Specialty Schools

Each specialty schools has a focused theme and aligned curricula. Specialty schools are typically more “hands on – minds on” and use an approach to learning that is inquiry or performance/project based. Teachers use district and state Common Core standards in all subject areas, however, the curriculum is taught within the overall theme of the school.

Hunt Elementary is proud to be an Arts Plus Specialty School. Our school weaves the arts (dance, drama, music, and visual art) into the curriculum.  Our staff bring together arts and non-arts objectives to create hands-on, experiential, connected and meaningful learning experiences. In addition, our staff create opportunities for our students to experience artistic works and performances in both their school and their community. Hunt Elementary is part of the A+ Schools Network. Click here for more information.

Irving Elementary is proud to be a Dual Language Specialty School. Dual language is a form of bilingual education in which students are taught
literacy and content in two languages. At Irving Elementary, the students are learning that content in English and Spanish. Click here for more information.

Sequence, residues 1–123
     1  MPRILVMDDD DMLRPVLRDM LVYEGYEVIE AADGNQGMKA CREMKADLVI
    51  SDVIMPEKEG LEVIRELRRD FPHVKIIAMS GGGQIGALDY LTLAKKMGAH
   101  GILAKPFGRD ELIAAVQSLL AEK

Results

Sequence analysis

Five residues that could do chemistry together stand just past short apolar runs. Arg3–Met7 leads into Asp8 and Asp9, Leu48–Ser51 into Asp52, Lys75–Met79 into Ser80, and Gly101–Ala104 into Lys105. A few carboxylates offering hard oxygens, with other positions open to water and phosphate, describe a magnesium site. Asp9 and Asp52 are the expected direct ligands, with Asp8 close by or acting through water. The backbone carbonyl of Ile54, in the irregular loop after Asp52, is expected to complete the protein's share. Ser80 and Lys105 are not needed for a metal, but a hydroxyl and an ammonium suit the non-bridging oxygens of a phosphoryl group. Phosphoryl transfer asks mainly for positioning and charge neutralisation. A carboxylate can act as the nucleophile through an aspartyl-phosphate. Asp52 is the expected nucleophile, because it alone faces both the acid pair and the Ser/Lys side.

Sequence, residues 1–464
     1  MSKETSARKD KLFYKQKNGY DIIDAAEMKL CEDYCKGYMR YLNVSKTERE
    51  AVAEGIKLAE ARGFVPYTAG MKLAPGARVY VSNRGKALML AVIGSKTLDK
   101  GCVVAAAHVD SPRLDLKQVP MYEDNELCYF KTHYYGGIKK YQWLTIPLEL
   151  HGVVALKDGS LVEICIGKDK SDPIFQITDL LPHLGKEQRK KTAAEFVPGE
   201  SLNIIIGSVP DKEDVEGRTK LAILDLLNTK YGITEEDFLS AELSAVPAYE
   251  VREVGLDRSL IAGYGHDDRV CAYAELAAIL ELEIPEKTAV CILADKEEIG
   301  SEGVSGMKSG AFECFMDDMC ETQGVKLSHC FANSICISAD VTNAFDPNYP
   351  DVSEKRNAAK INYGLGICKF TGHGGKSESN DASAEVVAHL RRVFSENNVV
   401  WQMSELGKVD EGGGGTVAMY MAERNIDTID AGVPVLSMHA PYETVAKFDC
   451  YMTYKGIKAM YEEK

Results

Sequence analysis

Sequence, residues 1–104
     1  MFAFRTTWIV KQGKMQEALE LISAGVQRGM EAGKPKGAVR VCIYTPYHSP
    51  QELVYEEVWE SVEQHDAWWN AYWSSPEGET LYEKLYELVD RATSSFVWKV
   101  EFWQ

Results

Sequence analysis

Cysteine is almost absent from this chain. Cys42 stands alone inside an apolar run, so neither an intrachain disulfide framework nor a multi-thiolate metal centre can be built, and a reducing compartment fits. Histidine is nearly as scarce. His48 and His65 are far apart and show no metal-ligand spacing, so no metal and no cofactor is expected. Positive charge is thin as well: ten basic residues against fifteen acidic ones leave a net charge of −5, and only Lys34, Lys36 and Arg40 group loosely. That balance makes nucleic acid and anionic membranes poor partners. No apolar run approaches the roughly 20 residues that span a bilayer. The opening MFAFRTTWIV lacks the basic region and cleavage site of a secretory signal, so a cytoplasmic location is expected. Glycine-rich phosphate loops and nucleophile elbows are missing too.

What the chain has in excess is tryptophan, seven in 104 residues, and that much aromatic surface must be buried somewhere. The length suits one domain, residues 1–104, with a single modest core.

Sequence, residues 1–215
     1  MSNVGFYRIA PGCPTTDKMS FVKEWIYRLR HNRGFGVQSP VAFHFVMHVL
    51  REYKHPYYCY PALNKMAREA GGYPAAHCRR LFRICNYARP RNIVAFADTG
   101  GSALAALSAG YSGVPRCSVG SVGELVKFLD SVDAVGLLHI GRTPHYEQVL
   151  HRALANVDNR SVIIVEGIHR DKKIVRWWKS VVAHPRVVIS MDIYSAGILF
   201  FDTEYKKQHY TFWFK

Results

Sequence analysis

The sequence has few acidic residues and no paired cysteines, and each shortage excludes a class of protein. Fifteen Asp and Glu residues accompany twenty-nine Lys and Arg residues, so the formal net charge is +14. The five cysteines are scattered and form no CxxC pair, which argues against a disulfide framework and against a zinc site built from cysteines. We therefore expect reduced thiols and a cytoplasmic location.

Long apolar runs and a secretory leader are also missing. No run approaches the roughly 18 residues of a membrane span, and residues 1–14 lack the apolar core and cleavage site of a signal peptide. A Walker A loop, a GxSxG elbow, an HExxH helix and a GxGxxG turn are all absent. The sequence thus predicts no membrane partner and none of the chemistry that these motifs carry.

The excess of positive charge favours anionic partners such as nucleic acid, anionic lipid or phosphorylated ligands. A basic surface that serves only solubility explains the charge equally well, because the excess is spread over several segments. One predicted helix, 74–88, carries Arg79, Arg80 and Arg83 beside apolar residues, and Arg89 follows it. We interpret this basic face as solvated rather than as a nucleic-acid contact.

Loess Hills Elementary is proud to be a Computer Programming Specialty School. At our school, computer programming is weaved throughout the curriculum in a visual, intuitive, and imaginative way. For example, our students may program an interactive video game to highlight a new math concept or to do history report. Click here for more information.

Morningside Elementary is proud to be a STEM (science, technology, engineering, and mathematics) Specialty School.  Our teachers integrate STEM components into the curriculum. Learning is collaborative and project-based; students work closely together in a hands-on way to solve real-world problems. Click here for more information.

Spalding Park Elementary is excited to become an Environmental Sciences Specialty School for the 2016-2017 school year. Environmental sciences incorporates social sciences for understanding human relationships, perceptions and policies towards the environment. A wooded area with a stream and a grassy area behind the school present a natural setting for learning. An outdoor classroom and the addition of native plants and flowers will supplement existing efforts such as recycling and gardening. Click here for more information.